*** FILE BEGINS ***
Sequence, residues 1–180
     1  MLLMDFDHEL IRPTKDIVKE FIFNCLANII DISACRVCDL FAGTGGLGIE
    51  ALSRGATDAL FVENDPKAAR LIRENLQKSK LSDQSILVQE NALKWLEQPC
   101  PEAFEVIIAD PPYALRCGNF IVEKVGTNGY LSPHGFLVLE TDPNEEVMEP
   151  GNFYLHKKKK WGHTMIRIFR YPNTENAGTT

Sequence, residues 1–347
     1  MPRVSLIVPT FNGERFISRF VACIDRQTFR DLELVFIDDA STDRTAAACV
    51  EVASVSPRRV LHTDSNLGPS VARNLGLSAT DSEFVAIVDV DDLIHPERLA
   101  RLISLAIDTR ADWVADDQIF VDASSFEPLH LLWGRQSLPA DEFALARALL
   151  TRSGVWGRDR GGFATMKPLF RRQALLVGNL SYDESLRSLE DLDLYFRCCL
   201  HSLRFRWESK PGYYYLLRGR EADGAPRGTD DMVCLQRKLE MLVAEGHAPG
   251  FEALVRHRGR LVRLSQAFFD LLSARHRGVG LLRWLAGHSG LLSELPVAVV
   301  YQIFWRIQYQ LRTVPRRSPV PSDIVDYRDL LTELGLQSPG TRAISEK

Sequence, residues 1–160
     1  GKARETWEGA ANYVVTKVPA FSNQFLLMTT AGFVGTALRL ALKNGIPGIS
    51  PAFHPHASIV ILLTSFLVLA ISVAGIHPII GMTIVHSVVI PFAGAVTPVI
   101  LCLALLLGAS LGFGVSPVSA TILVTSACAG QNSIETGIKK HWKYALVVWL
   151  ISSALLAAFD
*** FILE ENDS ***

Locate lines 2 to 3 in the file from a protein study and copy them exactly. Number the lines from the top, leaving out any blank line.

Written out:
     1  MLLMDFDHEL IRPTKDIVKE FIFNCLANII DISACRVCDL FAGTGGLGIE
    51  ALSRGATDAL FVENDPKAAR LIRENLQKSK LSDQSILVQE NALKWLEQPC